|Age Range(s)||Young Adult (20-35), Adult (36-50)|
|Type of monologue / Character is||Talking to the audience, Reminiscing life story/Telling a story|
|Description||The Dinner Party - Brett talks about why she may have been fired from her job as a nanny/cook/maid.|
|Details||"Nanny. Not." Middle of the Book|
Brett talks about why she may have been fired from her job as a nanny/cook/maid.
Written by Jass Richards
|I suspect she was just pissed about the dinner party. They had a lot of day-long dinner party things, for which we spent much of the previous day preparing. I 'took care of' the vegetables. Interesting how flexible the definitional limits of that phrase are. On the first of such preparation days, I washed the piles she had put on the counter: potatoes, carrots, celery, tomatoes, other red things, white things, and a bunch of green stuff I didn't recognize. Then I thought I was through. The look she gave me indicated otherwise.|
"You may as well peel them now," she said, tactfully, as if I had planned to peel them later. Right. As if.
So, remembering my mother's manufactured obsession with white, I peeled the brown skins off the potatoes. There went the vitamins. Next I glanced over, the She-Bitch-Wife was still supervising me from the other end of the large kitchen were the carrots. Beets too had to be peeled. Who knew? I'd spent the previous year living on potatoes (unpeeled) (and raw), apples (ditto) (ditto), canned beans, and Shreddies. (I could say that that was due to the lack of a fridge and a hotplate. But I'd be lying.) When I started on the celery, I got another look. The tomatoes too were spared. Okay, now I'm done. I rinsed my hands and dried them on a towel.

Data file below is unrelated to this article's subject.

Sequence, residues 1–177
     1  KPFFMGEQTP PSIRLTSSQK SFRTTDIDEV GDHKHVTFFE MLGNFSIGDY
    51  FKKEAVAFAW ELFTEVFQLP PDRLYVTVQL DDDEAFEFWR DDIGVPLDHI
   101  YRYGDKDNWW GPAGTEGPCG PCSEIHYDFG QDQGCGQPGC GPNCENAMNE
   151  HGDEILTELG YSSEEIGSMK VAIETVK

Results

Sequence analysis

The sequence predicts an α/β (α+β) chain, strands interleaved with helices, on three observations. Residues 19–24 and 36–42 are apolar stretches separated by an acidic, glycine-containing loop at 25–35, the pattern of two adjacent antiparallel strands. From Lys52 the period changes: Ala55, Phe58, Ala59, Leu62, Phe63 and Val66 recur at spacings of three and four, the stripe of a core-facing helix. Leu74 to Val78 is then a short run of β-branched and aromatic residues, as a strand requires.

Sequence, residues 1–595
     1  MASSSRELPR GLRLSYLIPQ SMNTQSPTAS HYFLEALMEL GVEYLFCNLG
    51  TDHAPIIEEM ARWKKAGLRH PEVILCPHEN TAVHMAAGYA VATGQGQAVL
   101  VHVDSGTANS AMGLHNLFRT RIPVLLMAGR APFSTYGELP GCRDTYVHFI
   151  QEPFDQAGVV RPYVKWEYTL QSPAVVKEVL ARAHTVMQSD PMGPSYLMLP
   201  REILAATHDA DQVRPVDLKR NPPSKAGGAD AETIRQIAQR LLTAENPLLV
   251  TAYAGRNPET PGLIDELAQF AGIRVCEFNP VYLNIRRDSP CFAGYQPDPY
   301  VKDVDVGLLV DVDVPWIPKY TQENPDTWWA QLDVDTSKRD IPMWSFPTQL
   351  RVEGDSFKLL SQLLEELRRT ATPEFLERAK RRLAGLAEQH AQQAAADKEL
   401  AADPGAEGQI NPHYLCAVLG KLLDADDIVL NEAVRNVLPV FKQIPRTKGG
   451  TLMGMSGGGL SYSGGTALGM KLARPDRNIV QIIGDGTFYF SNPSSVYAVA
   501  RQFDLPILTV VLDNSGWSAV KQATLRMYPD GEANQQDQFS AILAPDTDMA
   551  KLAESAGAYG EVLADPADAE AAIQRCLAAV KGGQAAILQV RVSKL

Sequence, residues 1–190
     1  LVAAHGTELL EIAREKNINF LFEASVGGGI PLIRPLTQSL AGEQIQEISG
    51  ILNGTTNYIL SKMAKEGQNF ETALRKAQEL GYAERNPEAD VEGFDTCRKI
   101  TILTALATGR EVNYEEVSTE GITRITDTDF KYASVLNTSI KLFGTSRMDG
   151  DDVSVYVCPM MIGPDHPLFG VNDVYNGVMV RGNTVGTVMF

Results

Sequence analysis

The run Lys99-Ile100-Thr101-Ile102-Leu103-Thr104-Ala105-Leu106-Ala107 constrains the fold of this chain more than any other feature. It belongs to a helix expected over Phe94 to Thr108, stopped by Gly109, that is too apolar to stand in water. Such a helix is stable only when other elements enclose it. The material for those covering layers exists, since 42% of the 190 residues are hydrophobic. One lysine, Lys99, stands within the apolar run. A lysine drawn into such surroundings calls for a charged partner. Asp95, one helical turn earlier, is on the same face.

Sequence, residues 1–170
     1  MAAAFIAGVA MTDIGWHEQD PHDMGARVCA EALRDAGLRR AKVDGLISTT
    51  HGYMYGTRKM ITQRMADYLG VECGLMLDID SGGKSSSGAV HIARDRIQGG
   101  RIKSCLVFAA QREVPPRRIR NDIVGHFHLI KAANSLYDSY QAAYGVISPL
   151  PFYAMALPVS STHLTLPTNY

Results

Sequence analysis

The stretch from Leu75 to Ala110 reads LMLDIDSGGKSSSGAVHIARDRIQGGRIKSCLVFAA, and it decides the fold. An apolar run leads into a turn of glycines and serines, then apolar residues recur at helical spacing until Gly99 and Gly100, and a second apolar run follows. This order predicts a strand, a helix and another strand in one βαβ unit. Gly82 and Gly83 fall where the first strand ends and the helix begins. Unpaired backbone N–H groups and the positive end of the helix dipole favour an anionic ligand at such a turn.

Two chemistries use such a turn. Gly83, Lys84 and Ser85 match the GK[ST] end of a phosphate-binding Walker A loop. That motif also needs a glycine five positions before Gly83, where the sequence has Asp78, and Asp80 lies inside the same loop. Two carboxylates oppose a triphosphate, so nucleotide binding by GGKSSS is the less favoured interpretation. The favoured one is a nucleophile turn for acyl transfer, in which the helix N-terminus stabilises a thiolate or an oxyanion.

"Slice and dice!" she said sweetly though really I'm just guessing about that as I moved toward the door.
Why would you slice and dice, for example, carrots? They're much harder to eat that way. A fork is required. Mindful of the hours of practice I still needed if I was to pass my exam, I handled this slice and dice task with the greatest of concentration.
Then she showed me how to make 'radish roses'. At first I thought anyone who carves radishes into roses has way too much time on their hands. But then I got into what I started to call 'raw sculpture'. I discovered a thing that makes melon balls. And I discovered a melon. I started putting poppy seed happy faces on my little melon balls. Then sad faces, and stern faces, and winks. Recalling the balloon toys of someone's childhood, I joined orange and green melon balls with toothpicks and made a centipede. A happy centipede. Hours passed. Then I remembered Mr. Potato Head. She stopped me when I started dressing my melon creations with Jenny's doll clothes.
In the meantime, she took care of marinating the meat. Beef, I think. Though it could have been cow. She put it into a pan, poured some stuff over it, and then watched it. An hour after I'd left the kitchen, she was still there, sherry in hand, watching the meat soak. (Perhaps it was a metaphor.)
Anyway, at the dinner party in question I noticed a dish of cucumber cubes beside the dish of radish roses she had obviously discovered what I'd done with the cucumber, complete with a cute little sailor hat, and had sliced and diced it. (No doubt that was a metaphor too).